A bout of dyslexia cured, I am back to writing on something other than whether Dick Williams or Charlie O. Finley was the bigger A-hole in Oakland in the 1970’s. It’s really no contest, but, it is fun to speculate with the dynasty.
Fall brings out all the dreary feelings in me. Midwest (please help me escape!) is filled with dull days, unless you have money. None of that currently occupying my pockets. So its reading and watching free videos picked up at the library, where, it is not teeming with higher minds surprisingly, or en fuego soccer moms or bonita college co-eds.
I wish the lady above would pop out of a belated birthday cake for me. Instead J-Lo II, got her chassis classy for none-so-sassy Jamie Kennedy. Why should the Kennedy’s have all the women? (Knowing he ain’t related to that clan.)
There is nothing good afoot in the United States. No matter how we try, we are stuck in maliase of our own doing. But we do have the market cornered on blaming everyone not like us for our daily woes. If you have health care, blame those that don’t. If you like your drugs, blame the big pharma for keeping you addicted to them. If you run a small company, blame the government for taxes. If you like Wall Street boom-bust cycles, blame them for everything you loss (and will gain back only to lose again.)
With that last tidbit, I just finished up a quick read: Wall Street: America’s Dream Palace by Steve Fraser, a lecturer and historian. It takes you back to the origins of The Street, and all the muddy waters of stock-jobbing, building of aristocratic bona fides, the swindles and the swines operating the levers of economic success and destruction. Particularly, a few ogres of Capitalism stand out: Cornelius Vanderbilt and Jay Gould are given a revisit to the American heydays of damn-all-the-rules and fuck-the-common-man sensibility of those titans of money.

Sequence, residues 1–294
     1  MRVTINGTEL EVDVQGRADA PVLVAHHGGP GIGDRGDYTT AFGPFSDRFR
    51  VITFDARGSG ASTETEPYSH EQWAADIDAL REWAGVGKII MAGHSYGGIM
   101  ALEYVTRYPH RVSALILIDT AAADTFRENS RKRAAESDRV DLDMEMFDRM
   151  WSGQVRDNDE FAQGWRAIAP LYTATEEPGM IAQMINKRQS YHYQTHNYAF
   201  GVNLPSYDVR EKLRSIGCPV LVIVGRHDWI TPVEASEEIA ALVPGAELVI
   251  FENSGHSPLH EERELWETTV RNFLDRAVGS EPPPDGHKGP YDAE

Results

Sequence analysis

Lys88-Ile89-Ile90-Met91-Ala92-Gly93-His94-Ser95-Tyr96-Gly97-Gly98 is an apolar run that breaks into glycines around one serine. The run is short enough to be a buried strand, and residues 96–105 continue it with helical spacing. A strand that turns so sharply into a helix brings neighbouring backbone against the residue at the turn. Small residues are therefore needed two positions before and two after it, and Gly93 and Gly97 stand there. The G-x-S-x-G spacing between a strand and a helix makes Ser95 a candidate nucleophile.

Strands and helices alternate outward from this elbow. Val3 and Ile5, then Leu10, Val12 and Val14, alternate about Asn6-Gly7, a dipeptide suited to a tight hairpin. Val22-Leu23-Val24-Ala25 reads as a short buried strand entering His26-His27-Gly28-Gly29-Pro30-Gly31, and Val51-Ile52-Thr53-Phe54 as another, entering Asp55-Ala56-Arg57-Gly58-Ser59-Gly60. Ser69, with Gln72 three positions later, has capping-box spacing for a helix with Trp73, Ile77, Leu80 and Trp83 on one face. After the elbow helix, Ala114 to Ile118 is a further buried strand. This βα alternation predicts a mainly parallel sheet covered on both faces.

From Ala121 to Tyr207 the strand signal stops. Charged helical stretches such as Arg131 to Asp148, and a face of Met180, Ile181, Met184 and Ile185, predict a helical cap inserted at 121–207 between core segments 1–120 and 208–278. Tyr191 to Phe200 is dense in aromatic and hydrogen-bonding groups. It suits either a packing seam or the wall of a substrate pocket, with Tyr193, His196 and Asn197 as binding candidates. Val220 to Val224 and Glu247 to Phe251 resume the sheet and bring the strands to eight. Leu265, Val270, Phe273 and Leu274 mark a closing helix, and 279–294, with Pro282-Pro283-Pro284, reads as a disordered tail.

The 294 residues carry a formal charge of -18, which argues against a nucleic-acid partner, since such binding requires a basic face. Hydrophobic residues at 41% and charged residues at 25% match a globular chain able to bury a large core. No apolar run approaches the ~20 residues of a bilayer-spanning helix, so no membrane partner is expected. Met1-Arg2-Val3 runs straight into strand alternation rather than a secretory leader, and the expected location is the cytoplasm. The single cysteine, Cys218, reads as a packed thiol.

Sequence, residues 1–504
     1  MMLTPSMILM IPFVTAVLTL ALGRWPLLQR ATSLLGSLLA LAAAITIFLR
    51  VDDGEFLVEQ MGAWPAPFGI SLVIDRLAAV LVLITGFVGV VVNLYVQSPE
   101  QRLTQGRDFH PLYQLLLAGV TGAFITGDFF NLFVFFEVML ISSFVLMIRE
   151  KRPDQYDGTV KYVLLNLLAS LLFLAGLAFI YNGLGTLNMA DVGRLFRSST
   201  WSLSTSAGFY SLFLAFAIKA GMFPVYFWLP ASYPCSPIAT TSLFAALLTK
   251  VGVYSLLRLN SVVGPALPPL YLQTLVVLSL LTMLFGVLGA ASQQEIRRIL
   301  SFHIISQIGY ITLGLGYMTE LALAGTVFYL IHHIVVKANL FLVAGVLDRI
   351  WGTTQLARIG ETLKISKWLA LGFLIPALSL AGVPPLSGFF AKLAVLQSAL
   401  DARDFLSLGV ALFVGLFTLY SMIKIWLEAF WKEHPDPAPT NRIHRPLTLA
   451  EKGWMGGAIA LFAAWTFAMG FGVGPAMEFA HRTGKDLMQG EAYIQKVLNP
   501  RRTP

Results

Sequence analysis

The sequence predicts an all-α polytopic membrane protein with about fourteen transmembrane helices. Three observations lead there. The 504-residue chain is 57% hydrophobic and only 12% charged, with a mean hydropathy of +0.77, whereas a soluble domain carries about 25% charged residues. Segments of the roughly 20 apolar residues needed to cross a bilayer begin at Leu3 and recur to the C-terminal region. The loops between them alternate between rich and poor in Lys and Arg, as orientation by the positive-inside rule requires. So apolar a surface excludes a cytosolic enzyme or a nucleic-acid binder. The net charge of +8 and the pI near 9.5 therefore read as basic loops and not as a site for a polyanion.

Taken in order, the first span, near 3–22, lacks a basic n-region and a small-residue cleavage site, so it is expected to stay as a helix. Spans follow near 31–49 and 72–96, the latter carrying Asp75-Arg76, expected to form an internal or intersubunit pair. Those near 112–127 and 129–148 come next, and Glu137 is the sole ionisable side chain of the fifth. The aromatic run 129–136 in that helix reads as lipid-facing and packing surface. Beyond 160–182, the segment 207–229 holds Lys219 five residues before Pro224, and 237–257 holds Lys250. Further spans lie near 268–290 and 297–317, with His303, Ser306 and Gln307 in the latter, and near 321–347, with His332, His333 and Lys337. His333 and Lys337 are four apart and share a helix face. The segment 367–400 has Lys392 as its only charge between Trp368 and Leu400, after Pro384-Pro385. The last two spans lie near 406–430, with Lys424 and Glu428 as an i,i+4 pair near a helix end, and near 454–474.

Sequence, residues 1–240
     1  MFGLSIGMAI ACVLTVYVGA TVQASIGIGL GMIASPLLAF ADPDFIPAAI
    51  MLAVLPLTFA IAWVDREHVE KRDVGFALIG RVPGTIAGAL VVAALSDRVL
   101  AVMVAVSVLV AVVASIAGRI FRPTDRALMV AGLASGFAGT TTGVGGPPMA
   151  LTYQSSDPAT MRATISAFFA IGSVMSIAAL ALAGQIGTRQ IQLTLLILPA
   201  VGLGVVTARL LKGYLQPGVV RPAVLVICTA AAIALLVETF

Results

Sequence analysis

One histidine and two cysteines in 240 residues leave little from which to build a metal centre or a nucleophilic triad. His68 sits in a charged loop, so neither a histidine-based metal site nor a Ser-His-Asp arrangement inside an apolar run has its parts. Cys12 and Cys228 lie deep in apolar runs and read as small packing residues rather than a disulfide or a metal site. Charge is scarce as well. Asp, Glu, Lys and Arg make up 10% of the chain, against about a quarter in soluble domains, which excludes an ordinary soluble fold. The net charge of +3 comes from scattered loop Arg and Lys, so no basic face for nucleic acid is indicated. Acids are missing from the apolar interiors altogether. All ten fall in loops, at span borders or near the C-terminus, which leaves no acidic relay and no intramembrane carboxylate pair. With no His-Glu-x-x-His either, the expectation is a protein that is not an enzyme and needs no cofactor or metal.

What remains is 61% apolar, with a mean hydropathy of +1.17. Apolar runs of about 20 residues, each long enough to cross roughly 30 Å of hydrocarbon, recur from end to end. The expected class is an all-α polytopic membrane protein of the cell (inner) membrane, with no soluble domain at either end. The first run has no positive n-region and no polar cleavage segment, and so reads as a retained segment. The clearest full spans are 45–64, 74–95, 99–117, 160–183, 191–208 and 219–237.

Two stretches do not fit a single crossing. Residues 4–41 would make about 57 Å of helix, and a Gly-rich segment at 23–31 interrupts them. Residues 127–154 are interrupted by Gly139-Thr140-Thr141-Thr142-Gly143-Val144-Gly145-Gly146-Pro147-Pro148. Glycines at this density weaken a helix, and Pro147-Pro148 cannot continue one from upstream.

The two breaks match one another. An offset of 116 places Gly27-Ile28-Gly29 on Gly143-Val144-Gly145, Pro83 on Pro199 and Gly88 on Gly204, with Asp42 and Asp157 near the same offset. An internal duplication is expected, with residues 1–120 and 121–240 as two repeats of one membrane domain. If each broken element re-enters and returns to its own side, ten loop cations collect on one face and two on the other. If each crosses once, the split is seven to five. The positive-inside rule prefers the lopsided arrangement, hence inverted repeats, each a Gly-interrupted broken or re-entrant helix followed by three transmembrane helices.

The book describes four archtypes: The Confidence Man, the Aristocrat, the Hero and The Immoralist. Each is mainly set in the latter half of 19th -early 20th century. (The Gilded Age of Mark Twain’s penning with assistance.)
- The Confidence Man today would be Bernard Madoff.
- The Aristocrat could be CEO of Google Eric E. Schmidt or Bill Gates. (Nouveau riche as the prerequisite.)
- The Immoralist: ex-CEO of Countrywide Angelo Mozilo.
- The Hero: Will be decided at a later date. (J.P. Morgan is oft given credit for rescue during the 1893 and 1907 Panics.)
Best line in the book related to the nature of the stock-jobbers activities at night. The obtainment of “the milk-white bosom of a virgin soon to be polluted by the touch.” I would have added “ravenous”before touch.
TGIF! Let’s Dance!
Mariah’s Obsessed (They disabled it, those twits that don’t tweet!)